One of the ways Don Lemon attempts to justify regularly going on television and embarrassing both himself and the concept of intelligence, is by essentially shrugging his shoulders and grumbling, “I’m just asking.”
He doesn’t necessarily believe that a woman should prevent her own rape, but couldn’t she maybe prevent her own rape if she just tried a little? I’m just asking.
Don Lemon just wants to know what will happen if he voluntarily rides around Manhattan in a BlizzardMobile like some sort of vigilante snowman.
Guys, all Don Lemon is saying is that MAYBE there’s a reason why it would be justifiable to slam a teenage girl onto the ground. I’m just asking.
This transparent technique, coupled with zero subtly and sparse actual facts is the foundation on which Don Lemon has built his career. In “Don Lemon Doesn’t Get Offended,” the CNN anchor spoke with The New York Times Magazine and more or less expressed pride in these exact characteristics.
Famously, you once asked a panel on CNN about the possibility of a black hole swallowing up MH370. What do you think happened to the plane?
That was a viewer question, from social media, and it was part of a segment on preposterous conspiracy theories.
Obviously the first question a sane person would ask is, why, in the midst of an ongoing story about a major tragedy would a news network do an entire segment about a bunch of ridiculous theories we all know good and goddamn well are not true? How is that in any way helpful, interesting or responsible? In what way does that honor the victims or lead us closer to the full story of what happened?
It you’re Don Lemon, however, it’s totally cool because, like, blindly reading shit from Twitter means that you don’t have to take any responsibility for your own stupid questions.
You have a track record of upsetting people on the left. What would you say was the worst episode?
I don’t know. No one asks Jake Tapper or Wolf Blitzer to be the spokesperson for any particular group. I’m not an advocate or an activist. I’m a journalist.
The difference, Don, is that Jake Tapper and Wolf Blitzer do not run around saying things that are actively harmful to vulnerable communities. And the suggestion that he’s held to a wildly different journalistic standard because he’s black is an insult to both black viewers and his own skills as a journalist.
Further, it’s a stretch that we all even agree to call Don Lemon a journalist. Journalists anchoring national news programs aren’t supposed to ask questions on air just because they’re curious. They ask questions to get to the bottom of a truth and that line of questioning should necessarily result in some revelation about a truth. Wondering why women don’t just fight off their rapists is not a fact or insight.
Can you think of a time that you’ve been offended or hurt and then learned from it? Nothing I can think of specifically, no.
It doesn’t seem to me that you get offended very much. I don’t. Instead of being offended or defensive or whatever, I try to be curious about why that person feels that way, why someone has that particular opinion. I understand people being offended and hurt, but as a journalist, I gotta move beyond that. I can’t do that.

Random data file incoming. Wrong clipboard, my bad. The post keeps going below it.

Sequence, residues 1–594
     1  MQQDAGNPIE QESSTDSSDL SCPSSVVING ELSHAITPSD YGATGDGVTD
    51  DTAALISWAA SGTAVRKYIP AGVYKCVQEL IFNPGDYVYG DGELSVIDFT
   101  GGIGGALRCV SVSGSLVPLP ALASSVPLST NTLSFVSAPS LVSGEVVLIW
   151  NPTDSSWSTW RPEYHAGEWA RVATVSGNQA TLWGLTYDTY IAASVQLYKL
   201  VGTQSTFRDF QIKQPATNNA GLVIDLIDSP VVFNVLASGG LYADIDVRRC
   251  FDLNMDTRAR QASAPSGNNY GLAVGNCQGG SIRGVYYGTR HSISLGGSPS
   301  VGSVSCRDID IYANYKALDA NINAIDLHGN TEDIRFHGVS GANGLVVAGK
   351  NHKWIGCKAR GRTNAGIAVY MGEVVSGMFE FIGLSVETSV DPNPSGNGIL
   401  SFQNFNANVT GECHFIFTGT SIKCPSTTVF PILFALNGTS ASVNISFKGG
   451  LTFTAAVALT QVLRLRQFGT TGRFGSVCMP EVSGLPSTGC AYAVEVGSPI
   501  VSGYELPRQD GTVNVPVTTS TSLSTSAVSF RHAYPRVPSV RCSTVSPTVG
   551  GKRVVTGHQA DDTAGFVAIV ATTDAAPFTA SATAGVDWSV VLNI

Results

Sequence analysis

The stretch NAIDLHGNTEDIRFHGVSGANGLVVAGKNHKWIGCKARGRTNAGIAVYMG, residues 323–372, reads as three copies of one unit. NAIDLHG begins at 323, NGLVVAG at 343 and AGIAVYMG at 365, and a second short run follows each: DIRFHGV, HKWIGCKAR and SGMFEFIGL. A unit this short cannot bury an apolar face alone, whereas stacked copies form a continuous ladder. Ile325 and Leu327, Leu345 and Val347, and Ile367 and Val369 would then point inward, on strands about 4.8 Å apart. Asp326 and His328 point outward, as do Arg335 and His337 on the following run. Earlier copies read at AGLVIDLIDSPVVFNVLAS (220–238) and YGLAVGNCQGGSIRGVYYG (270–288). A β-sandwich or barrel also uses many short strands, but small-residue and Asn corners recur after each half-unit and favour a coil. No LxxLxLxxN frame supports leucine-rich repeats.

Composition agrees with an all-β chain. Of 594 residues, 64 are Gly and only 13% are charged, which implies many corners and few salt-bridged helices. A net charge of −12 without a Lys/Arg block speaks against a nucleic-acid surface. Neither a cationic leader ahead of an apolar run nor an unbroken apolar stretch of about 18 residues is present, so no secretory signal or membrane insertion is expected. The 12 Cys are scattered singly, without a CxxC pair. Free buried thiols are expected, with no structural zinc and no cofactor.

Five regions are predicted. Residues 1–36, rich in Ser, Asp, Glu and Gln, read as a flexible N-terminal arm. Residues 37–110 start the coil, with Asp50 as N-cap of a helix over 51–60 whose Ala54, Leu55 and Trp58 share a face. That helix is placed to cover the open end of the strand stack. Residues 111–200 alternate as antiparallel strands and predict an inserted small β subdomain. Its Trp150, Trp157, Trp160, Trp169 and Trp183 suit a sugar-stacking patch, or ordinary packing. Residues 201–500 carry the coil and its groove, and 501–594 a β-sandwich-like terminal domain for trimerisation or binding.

Taking pride in never being offended by anything makes him sound like a sociopath. Never getting offended about anything signals a stunt in someone’s intellectual and emotional growth. What I think he means is that he doesn’t get offended over someone simply expressing a conflicting ideology, but that explanation would require some nuance and depth of thought.
What I think he’s doing is trying to conflate being offended over inconsequential slights like a Christ-less Starbucks coffee cup with, say, being offended by comparing a black person using a reclaimed slur amongst themselves to the Confederate flag.
The twisted painful beauty of Don Lemon is just when you think he can’t sink any lower, that he cannot possibly be any more preposterous or more of a parody of himself, he finds a way.
Do you have any idea what you would be doing if you weren’t a journalist? I’d probably be a writer like James Baldwin. Or I would probably be an activist. But not like Dr. King, even though I admire him. I’d probably be more of a Malcolm X. I believe the best way to improve yourself is to improve yourself.
I want us to be very clear on what Don Lemon just did here. The man compared himself to three of the most important black thinkers—nay, three of the most important black people ever.
Dr. Martin Luther King Jr, arguably the greatest civl rights leader ever, ain’t exactly his cup of tea. Lemon doesn’t seem to have much of a clue about what exactly Malcolm X believed because he sure as shit wasn’t suggesting that respectability politics will keep black people from being discriminated against.
For some reason I find the James Baldwin comparison the most delusional. Fools compare themselves and others Martin Luther King and Malcolm X all the time largely because they are default examples of activists. But James Baldwin? One of the greatest people to write words in the history of humans writing down words? Nah.
I never knew James Baldwin, but I have read his work and I possess common sense. For those reasons, I feel comfortable saying that no, Don Lemon, you couldn’t even hope to possibly one day dream of briefly embodying a glimpse of talent that would justify even a passing James Baldwin comparison. And if he were alive today, the man himself would probably run as far away from you as possible. Lord knows that those of us still alive are trying to.
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Image via Charley Gallay/Getty.